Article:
How the bacteria we ingest in food affect brain function
Source: UCLA Health
Researchers at UCLA have provided evidence that brain function in humans is related to the bacteria ingested in food.
Their study of healthy women who regularly consumed probiotics via yogurt “showed altered brain function” for the women in both a resting state and in response to a task. MRI scans revealed that the women who consumed the probiotic yogurt (when compared to women who didn’t) showed a decrease in activity both in the insula (which processes internal body sensations) and the somatosensory cortex during an emotional reactivity task.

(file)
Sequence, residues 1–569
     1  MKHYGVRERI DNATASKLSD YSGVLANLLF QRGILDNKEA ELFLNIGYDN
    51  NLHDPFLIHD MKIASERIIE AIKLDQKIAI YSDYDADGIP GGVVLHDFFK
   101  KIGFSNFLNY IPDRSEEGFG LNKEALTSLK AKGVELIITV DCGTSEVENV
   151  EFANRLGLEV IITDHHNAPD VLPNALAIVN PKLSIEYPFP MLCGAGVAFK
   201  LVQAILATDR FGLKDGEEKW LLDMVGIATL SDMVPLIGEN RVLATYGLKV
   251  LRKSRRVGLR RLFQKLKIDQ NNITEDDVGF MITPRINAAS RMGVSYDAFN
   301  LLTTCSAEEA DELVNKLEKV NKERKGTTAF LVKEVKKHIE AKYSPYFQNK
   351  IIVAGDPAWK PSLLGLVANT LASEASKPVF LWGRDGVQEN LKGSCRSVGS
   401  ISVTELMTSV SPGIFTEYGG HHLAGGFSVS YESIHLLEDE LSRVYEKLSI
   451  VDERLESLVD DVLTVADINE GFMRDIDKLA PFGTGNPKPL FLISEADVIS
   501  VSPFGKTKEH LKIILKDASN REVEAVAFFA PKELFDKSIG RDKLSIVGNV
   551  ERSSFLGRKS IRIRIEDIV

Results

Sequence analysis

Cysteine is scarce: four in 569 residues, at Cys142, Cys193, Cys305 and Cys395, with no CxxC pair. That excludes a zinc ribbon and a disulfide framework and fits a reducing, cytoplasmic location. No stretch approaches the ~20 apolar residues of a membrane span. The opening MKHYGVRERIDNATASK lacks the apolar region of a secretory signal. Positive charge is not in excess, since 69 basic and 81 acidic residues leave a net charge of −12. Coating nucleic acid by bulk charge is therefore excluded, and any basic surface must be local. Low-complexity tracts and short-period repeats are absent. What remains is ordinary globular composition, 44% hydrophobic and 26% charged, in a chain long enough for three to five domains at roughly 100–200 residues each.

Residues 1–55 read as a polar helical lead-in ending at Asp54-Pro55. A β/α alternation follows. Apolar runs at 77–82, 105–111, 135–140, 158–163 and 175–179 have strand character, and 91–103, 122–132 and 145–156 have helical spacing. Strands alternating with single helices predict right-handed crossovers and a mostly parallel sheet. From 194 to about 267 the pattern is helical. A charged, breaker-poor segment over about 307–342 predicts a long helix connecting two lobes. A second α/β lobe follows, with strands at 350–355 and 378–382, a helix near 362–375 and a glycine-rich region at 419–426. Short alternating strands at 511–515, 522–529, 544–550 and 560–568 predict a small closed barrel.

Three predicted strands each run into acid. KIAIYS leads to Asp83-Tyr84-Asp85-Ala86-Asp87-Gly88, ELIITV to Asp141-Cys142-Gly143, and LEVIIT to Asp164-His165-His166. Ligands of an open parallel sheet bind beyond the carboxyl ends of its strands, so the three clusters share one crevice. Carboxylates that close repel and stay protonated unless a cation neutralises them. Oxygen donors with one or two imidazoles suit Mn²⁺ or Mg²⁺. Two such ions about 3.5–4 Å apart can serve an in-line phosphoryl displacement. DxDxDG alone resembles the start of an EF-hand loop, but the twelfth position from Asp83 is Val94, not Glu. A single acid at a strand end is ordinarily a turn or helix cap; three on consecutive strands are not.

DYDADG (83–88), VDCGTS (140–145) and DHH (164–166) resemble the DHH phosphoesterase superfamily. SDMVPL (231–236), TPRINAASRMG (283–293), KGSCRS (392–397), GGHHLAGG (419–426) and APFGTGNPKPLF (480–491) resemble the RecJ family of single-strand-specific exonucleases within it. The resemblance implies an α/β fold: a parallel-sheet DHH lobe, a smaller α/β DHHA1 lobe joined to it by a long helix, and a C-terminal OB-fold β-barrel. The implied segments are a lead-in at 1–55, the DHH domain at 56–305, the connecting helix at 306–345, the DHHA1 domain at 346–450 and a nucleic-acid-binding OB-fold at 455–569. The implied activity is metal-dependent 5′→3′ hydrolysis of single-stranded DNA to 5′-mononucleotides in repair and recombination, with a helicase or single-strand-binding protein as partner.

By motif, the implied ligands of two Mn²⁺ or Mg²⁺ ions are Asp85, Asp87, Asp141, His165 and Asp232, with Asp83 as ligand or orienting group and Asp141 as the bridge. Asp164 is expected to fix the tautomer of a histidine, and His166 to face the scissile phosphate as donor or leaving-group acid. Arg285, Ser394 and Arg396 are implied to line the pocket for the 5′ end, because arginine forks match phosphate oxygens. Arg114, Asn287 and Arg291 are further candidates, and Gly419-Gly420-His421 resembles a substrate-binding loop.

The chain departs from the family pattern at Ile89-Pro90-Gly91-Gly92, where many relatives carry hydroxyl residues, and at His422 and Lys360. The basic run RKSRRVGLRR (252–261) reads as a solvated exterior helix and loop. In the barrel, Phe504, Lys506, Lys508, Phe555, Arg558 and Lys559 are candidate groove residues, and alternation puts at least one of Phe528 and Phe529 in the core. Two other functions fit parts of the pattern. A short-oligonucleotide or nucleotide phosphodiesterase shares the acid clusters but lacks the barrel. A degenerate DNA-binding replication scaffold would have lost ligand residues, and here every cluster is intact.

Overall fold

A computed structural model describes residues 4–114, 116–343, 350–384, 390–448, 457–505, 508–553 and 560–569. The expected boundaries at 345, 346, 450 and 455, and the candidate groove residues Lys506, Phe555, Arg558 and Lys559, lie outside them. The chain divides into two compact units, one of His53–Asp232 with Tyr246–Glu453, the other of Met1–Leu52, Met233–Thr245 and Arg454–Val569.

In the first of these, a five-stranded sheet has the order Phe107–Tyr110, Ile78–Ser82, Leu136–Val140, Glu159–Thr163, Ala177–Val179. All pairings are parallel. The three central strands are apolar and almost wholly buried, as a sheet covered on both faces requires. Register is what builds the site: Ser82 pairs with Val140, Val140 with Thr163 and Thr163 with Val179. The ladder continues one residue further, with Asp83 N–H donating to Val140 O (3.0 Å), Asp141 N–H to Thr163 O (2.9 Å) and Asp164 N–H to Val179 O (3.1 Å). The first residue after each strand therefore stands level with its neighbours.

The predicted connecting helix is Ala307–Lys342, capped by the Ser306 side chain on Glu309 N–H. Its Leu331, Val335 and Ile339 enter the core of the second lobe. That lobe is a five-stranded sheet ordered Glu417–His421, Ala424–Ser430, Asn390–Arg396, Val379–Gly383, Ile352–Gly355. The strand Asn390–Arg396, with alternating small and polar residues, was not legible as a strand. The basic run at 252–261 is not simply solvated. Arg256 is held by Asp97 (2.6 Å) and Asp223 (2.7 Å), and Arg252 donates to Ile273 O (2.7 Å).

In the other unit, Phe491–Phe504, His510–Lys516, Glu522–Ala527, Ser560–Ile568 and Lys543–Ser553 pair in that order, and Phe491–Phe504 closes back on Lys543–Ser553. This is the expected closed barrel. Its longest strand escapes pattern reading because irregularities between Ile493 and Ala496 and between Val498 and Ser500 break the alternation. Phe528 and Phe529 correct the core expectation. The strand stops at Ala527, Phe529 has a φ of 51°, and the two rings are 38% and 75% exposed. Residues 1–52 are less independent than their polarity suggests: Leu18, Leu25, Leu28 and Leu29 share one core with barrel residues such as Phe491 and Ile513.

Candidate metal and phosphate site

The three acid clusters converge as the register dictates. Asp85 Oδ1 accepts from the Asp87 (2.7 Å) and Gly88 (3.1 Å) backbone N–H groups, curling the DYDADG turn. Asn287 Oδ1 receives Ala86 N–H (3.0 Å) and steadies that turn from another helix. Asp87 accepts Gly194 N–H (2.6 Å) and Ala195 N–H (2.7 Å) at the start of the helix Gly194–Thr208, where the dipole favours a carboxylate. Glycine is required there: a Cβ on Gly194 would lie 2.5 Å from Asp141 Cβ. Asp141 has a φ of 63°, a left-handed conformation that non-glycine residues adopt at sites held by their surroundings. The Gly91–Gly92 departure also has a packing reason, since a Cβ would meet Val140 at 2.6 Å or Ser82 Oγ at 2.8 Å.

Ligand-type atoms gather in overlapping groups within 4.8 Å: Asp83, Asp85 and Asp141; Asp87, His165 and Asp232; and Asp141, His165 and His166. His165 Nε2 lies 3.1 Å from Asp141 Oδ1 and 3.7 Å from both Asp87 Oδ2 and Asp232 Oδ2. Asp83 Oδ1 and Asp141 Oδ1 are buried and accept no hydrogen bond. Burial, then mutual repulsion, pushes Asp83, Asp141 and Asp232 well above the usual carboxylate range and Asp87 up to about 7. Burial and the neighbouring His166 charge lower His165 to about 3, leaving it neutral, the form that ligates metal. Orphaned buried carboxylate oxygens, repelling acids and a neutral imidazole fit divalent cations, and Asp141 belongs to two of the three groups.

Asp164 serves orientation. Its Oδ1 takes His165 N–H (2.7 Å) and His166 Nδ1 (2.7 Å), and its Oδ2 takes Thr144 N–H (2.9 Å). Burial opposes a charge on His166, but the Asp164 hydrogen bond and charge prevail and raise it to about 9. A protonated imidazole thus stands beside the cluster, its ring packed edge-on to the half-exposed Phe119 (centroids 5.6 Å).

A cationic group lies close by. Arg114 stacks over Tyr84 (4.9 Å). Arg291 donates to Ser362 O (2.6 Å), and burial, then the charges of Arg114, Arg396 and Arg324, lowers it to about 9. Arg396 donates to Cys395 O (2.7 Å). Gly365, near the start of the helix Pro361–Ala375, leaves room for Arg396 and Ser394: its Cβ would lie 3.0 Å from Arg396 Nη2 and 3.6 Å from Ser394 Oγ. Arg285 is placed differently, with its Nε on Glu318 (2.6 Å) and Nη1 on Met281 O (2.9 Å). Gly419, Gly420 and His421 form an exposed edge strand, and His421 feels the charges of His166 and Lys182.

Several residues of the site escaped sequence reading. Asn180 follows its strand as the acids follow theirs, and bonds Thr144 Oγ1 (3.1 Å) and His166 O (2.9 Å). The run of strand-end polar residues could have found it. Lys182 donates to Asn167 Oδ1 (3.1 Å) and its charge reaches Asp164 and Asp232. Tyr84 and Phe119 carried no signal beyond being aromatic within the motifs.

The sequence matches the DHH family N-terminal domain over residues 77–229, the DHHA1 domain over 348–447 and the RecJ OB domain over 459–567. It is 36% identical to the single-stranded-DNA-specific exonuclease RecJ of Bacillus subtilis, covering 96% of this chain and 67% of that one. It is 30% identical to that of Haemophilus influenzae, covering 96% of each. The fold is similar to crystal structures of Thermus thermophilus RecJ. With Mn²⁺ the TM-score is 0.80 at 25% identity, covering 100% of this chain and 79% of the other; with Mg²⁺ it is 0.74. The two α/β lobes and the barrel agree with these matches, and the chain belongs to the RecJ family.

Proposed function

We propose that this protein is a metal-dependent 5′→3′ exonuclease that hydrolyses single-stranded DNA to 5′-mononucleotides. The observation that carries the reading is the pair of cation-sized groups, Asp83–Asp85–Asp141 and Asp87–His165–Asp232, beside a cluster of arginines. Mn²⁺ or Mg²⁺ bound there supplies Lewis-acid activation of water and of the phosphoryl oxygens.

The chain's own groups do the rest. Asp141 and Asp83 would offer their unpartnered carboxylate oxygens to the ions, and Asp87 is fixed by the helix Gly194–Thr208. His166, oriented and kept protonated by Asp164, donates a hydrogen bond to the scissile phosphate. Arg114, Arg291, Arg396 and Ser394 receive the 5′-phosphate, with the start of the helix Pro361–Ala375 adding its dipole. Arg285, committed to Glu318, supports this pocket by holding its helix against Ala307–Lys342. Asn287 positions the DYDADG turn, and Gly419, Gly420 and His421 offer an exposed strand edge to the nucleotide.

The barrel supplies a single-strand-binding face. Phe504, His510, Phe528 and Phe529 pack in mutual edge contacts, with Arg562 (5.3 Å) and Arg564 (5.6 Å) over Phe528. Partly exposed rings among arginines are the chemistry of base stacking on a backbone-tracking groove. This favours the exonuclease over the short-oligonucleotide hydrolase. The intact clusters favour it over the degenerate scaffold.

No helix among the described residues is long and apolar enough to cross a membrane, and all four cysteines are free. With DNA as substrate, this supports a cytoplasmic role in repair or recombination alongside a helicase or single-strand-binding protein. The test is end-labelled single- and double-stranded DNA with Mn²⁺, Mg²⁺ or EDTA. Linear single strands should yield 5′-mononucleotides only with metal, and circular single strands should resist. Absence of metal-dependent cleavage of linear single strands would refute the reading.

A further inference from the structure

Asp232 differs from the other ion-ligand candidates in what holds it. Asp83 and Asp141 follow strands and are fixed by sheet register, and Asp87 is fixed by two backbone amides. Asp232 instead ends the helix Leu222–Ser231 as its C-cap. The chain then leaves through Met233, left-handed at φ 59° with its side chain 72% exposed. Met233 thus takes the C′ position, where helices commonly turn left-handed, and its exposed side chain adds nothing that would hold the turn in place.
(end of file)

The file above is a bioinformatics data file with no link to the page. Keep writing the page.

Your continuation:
Additionally, the part of the brain related to emotion, cognition and sensory-related areas also showed a decrease in activity for the yogurt eating women. When resting, the women who ate the probiotic yogurt also showed greater connectivity between the “periaqueductal grey and cognition-associated areas of the prefrontal cortex.”
Previous research has demonstrated that the brain sends messages to the gut, but the UCLA study suggests that the communication happens in the opposite way as well, and that this alteration of the microbiota, the bacterial environment in the gut, affects the brain.
Researchers say that this early “proof-of-concept” study points the way for future research in the areas of dietary and drug interventions related to brain function and raises questions about the effects that repeated antibiotic use may have on the brain.